Essential Interviewing Skills

If you want to get ahead in the job market, consider treating your job search as if it is a sales campaign. When you use the tactics of a sales expert, you can make sure you give your absolute best interview. The first of the three essential interviewing skills in this process is the pre-interview preparation. From a sales perspective, this typically involves researching clients and analyzing products. However, within the context of the job interview, this means gathering information about your prospective employer, the industry and the position.

Luckily, the Internet makes these tasks much easier than in decades past. All you have to do is type the company’s name into your favorite search engine and look over the results. Bare minimum, you should figure out what the enterprise’s products and services, competitors, location of headquarters, size of the business and even who the major figures within the company are. You should also look over the enterprise’s history and the events that lead to its inception. Additionally, see if you can find information regarding the organization’s market position and growth objectives.

After completing your research, think about yourself and your professional career. What are some good examples of when you solved key issues or increased revenue for past employers? Try to think of measurable ways in which you aided your last company. You don’t want to simply state that you are great at creative problem solving. Instead, find an anecdote that proves your capabilities.

Essential Interviewing Skills: Using the Interviewers Hot Buttons

One of the most essential interviewing skills at your disposal is being able to read others. You need to find your hiring manger’s unsaid concerns or thoughts. As an interviewee, you job goes beyond simply answering posed questions. You need to find the interviewer’s hot button. This means you need to figure out what the hiring manager is really looking for in your responses.

If you are having trouble stumbling upon those hot buttons, ask about them. You can pose these questions:

  • What is the position’s greatest challenge?
  • What are the most important qualities you are looking for in the ideal candidate?

    If you’ve done your research well, you may be able to answer these questions before you step into the room. For instance, computer programmers must be diligent and talented problem solvers while restaurant managers must be able to multi-task and lead a team.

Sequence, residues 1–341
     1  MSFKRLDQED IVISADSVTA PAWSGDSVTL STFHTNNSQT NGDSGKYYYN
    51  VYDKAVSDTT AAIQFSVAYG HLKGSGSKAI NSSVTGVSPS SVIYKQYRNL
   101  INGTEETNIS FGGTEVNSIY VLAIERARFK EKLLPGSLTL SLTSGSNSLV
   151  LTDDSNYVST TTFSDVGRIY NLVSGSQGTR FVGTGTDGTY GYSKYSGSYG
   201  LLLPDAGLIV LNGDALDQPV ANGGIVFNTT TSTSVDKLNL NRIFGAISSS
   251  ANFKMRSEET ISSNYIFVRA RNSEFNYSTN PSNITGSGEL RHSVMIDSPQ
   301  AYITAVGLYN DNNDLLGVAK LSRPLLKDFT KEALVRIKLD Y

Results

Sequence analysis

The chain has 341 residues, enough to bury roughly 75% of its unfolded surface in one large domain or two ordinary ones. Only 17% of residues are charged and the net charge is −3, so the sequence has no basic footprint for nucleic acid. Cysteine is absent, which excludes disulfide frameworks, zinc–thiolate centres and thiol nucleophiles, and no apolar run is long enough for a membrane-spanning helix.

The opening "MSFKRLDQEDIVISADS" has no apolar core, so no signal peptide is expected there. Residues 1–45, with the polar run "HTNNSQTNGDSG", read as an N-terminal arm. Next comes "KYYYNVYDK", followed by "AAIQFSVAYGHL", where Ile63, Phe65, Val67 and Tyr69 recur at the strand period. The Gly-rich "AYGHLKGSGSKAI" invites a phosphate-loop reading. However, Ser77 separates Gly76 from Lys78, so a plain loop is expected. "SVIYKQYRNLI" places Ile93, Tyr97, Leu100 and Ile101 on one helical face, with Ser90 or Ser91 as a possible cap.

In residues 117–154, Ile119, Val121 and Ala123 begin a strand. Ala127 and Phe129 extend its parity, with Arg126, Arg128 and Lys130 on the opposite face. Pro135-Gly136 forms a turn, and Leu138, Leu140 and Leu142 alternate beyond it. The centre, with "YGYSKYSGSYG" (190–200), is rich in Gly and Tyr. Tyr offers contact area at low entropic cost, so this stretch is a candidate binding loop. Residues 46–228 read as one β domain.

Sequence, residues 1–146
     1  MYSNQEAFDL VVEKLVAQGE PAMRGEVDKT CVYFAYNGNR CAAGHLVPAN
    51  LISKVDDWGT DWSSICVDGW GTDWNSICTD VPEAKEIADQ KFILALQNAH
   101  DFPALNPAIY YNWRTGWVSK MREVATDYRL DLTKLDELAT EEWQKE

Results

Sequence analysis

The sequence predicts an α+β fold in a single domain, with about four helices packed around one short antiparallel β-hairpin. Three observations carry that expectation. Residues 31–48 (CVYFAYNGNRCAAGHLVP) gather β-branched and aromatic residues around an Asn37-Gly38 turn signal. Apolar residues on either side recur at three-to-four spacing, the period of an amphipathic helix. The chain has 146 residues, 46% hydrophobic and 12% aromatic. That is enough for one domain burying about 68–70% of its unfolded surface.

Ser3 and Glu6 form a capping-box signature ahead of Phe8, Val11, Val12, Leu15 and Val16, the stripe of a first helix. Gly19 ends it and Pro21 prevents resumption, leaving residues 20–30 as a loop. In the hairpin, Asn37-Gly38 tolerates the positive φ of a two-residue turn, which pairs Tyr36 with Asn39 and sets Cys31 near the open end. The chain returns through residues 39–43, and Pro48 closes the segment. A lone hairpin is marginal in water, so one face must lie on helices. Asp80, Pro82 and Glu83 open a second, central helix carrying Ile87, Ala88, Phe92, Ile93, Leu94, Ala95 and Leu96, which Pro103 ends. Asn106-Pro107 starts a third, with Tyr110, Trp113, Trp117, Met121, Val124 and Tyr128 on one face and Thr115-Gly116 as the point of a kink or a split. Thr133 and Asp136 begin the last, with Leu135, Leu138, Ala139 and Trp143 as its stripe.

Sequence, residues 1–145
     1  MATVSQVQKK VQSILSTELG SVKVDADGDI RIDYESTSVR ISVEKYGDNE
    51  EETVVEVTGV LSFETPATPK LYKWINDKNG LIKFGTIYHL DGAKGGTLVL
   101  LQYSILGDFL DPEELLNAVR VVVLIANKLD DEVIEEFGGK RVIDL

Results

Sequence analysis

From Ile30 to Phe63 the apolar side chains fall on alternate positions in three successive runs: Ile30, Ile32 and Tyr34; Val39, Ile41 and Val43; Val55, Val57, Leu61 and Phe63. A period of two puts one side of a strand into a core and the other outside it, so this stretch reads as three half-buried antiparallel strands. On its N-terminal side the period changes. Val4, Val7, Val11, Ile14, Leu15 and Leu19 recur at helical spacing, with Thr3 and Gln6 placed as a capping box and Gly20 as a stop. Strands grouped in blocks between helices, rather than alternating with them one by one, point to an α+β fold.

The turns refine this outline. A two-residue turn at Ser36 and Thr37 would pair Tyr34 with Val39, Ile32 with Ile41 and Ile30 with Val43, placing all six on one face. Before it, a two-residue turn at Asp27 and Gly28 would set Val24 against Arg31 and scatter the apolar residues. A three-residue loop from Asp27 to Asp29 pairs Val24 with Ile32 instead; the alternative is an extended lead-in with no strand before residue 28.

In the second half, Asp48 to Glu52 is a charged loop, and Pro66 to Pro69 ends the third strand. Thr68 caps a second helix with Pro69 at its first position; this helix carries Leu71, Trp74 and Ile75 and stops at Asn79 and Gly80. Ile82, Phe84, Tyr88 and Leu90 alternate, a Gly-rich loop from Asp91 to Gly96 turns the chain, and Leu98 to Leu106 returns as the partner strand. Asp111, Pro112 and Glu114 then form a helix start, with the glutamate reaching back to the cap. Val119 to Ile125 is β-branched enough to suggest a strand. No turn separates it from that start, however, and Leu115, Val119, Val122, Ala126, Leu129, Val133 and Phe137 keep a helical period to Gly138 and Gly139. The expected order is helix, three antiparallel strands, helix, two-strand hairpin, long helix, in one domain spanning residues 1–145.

As you ascertain your interviewer’s hot button, frame your answers around what he or she is looking for. Do not be dishonest or obviously tailor your answer. However, if you can naturally incorporate acknowledgment of your relevant skills and abilities, do so. With this response method, you will be able to form a faster connection with the hiring manager. Once you align yourself with the interviewer’s wants and needs, you will make a better case for how well you fit in the position and with the company.

    Essential Interviewing Skills: Closing the Interview

    The last of the essential interviewing skills is closing the deal. In the sales realm, this indicates that you influence another to take action whether it’s signing a contract or purchasing a product. Just like in the sales arena, the interview is a series of smaller victories that lead to a job offer. It all begins with your cover letter and resume. These items must draw in the reader and inspire him or her to call you for an interview.

    Your first interview should naturally lead to a second interview. As such, feel free to ask about your next meeting. You can inquire about when you should schedule the appointment or whom you will interact with next. In your second interview, you can ask even more pointed questions about who makes the final job offer decisions and what you should bring for your next session.

    If you get the opportunity to meet the final decision maker, ask him or her if he or she has any doubts or objections that might deter him or her from offering you the position. You can also inquire about your start date or any training you need to complete. If you keep these essential interviewing skills in mind as you prepare and work through your interviews, you will be well on your way to securing that job offer and taking the next step in your career.

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